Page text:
A framework for assessing essential public health nursing skills and achievement levels required for students graduating from schools that provide education for obtaining a license as a public health nurse in Japan

Kiyomi Asahara, Junko Omori, Maasa Kobayashi, Yuko Hirano, Yoshimi Suzuki, Mikako Arakida, Sachiko Oki, Reiko Okamoto, Noriko Okuyama, Itsuko Kaihara, Hiroko Sudo, Hiroko Nagae, Misako Miyazaki, Sachiyo Murashima

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Abstract

PURPOSES: This study aimed to develop a framework for essential skills and the achievement levels necessary for students graduating from schools that provide education for obtaining a license as a public health nurse (PHN) in Japan. METHODS: Two rounds of questionnaire-based investigations using the Delphi methodology were conducted. Subjects were 197 PHNs from municipalities or companies and 146 nurse educators from universities, colleges, junior colleges, or technical nursing schools. RESULTS: (1) The essential skills framework consisted of three (macro, intermediate and micro) levels. Macro-level items were based on the principle of justice, a primary pillar of health care: (A) community assessment to identify health problems; (B) solving and improving particular health problems in collaboration with people to enable them to promote their own health; (C) promoting equitable access and distribution of community resources for health and daily living. Micro-level items had four achievement levels: (I) independent; (II) instructor-guided; (III) laboratory exercise; (IV) theoretical understanding. Micro-level items for A and B had two domains for achievement: individual/family and group/community. (2) In the first round over 70% of respondents said "very important," "important" or "acceptable" for all micro-level items. In the second round, over 90% said all micro-level items fit within macro and intermediate-level items. (3) In the second round, micro-level items attained 70% consensus among PHNs and nurse educators were 71 of 93 (76.3%). Micro-level expression was used for adjustment and the final framework of essential skills yielded 3 macro, 8 intermediate and 59 micro-level items and 95 levels of achievement. (4) In the final framework, the level of achievement for "individual/family" (Macro-level A and B) was almost level I, and for "group/community" almost II or III. The number of micro-level items at level IV for C was 14 of 21 (66.7%). (5) Compared with PHNs, educators generally assigned a more advanced achievement level for the same skill. CONCLUSIONS: This framework offers more clarity to the content and competency of practice and thus should be useful for basic and continuing PHN education. The assumption driving this study was the necessity to improve the nursing educational system, and develop an appropriate curriculum for the PHN national licensure.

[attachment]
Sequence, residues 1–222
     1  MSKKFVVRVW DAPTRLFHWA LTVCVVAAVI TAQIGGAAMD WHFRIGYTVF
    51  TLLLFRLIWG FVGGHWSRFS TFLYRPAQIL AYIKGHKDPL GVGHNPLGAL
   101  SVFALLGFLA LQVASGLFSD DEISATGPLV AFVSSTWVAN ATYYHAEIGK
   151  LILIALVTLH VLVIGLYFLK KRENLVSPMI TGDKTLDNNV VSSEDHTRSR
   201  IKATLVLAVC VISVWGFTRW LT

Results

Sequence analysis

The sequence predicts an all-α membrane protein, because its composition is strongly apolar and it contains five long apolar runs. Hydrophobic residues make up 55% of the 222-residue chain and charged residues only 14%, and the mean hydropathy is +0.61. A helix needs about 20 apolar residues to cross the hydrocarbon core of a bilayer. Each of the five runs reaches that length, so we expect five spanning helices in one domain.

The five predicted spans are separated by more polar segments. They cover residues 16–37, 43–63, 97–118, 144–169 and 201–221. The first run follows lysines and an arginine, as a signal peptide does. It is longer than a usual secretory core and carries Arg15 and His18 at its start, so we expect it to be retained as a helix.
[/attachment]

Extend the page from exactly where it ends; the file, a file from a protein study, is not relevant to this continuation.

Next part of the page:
Original languageEnglish
Pages (from-to)184-194
Number of pages11
Journal[Nippon kōshū eisei zasshi] Japanese journal of public health
Volume57
Issue number3
Publication statusPublished - Mar 2010

ASJC Scopus subject areas

  • Medicine(all)

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    Asahara, K., Omori, J., Kobayashi, M., Hirano, Y., Suzuki, Y., Arakida, M., Oki, S., Okamoto, R., Okuyama, N., Kaihara, I., Sudo, H., Nagae, H., Miyazaki, M., & Murashima, S. (2010). A framework for assessing essential public health nursing skills and achievement levels required for students graduating from schools that provide education for obtaining a license as a public health nurse in Japan. [Nippon kōshū eisei zasshi] Japanese journal of public health, 57(3), 184-194.